By John Gutierrez-Mier
Express-News Staff Writer
For the second time in two weeks, the Bexar County clerk's office Wednesday issued a marriage license to two women.
The couple, who reside in Corrales, N.M., presented County Clerk Gerry Rickhoff with two Ohio drivers' licenses that identified both as female.
But one of the two, Lori D. Killough, 63, had changed her sex through a surgical procedure and was able to present a birth certificate showing she was born a man.
And that makes her legally a man in the 32 Texas counties covered by the state's 4th Court of Appeals, whose year-old ruling that one's sex at birth determines one's sex for life continues to reverberate nationwide.
Rickhoff said he was stunned when Killough and her partner, Cynthia J. Young, 51, walked into his office and requested the license, but he readily granted it.
"I had only seen my first case a few weeks ago, and I didn't expect another couple wanting a license this soon," Rickhoff said.
Just 14 days earlier he had issued a license to Jessica Wicks and Robin Manhart Wicks of Houston.
Each couple based their request on an appeals court decision that rejected a wrongful death lawsuit filed by a San Antonio transsexual, Christy Lee Littleton, against Dr. Mark Prang, whom she accused of malpractice in the death of her husband.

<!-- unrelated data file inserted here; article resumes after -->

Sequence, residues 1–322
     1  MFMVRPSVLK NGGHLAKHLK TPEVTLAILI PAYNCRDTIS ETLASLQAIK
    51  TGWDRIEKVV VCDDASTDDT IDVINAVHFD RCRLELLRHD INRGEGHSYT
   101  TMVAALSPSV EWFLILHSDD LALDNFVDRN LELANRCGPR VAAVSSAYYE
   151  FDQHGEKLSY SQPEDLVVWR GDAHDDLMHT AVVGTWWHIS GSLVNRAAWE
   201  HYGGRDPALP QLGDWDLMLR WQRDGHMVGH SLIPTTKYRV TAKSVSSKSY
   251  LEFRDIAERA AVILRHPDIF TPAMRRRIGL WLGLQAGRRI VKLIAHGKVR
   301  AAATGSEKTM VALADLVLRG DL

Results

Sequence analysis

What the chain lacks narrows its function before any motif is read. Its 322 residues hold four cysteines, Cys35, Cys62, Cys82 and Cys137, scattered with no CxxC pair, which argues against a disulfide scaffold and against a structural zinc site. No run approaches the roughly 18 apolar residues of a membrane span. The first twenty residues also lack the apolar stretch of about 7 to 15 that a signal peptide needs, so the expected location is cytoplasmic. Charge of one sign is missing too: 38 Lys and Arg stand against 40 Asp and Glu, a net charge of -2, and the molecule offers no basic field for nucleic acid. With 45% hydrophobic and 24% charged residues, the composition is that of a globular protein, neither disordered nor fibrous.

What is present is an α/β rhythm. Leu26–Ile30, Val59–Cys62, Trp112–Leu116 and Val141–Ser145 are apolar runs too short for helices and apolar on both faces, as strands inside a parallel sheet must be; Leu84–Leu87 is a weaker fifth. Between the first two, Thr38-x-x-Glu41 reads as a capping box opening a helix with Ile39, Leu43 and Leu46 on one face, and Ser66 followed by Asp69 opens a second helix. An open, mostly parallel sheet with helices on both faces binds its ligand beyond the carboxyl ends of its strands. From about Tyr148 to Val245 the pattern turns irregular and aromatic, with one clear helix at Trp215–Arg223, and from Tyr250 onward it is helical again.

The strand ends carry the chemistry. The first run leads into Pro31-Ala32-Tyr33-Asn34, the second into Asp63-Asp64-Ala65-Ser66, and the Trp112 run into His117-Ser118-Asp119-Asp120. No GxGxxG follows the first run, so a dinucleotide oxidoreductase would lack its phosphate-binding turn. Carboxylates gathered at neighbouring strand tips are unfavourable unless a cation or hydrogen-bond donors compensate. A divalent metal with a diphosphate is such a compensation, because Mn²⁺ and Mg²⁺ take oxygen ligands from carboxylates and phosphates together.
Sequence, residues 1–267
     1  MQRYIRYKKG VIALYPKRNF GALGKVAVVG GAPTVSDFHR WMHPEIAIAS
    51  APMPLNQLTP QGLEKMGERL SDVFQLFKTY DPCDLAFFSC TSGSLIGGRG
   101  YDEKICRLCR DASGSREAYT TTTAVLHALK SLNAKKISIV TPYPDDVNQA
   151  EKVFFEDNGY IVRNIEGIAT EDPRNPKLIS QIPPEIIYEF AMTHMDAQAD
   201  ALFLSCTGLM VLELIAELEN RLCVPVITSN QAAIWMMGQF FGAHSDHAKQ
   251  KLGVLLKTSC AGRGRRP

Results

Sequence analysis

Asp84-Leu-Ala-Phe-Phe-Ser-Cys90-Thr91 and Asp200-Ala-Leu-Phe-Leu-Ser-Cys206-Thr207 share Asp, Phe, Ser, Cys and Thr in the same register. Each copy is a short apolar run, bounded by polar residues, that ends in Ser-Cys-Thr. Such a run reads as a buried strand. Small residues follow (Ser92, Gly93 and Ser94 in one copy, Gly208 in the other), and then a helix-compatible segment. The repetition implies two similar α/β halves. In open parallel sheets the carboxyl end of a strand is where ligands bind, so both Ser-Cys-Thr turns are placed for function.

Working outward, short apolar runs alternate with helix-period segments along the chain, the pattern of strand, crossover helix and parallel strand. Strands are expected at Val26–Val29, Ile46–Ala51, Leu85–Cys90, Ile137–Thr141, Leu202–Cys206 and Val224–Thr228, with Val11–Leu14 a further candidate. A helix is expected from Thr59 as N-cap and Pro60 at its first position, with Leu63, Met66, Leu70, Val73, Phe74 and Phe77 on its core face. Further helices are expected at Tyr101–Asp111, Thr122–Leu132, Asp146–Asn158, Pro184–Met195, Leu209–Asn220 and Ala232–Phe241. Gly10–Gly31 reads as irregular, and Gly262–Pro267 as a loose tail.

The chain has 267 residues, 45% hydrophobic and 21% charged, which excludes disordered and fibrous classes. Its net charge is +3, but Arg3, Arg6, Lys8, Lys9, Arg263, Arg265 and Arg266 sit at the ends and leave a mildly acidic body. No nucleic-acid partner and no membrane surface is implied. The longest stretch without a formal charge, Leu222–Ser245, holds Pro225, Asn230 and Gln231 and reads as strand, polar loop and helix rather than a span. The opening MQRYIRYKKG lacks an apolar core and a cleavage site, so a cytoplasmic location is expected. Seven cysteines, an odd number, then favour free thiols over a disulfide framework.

The 4th Court of Appeals, by a 2-1 vote, ruled that Littleton had never been legally married because she was born male and thus had no standing to sue. The case has been appealed to the U.S. Supreme Court.
Attempts to reach Killough and Young for comment were unsuccessful.
The law requires a 72-hour waiting period after a license is issued before couples can actually marry. After the period is up, couples have 30 days to get married by a justice of the peace or judge or a clergy member.
Phyllis Frye, a Houston lawyer who represented Littleton and the Wicks, said she knew nothing about the New Mexico couple.
"I was unaware that this had happened, but I'm glad they did it," said Frye, who is e-mailing transsexuals across the country, encouraging them to come to San Antonio to get married. "I think this is great."
Rickhoff said he couldn't predict how many more same-sex couples would seek marriage licenses, but if they are legally male and female, he said, they will be treated like any other couple that come to his office.
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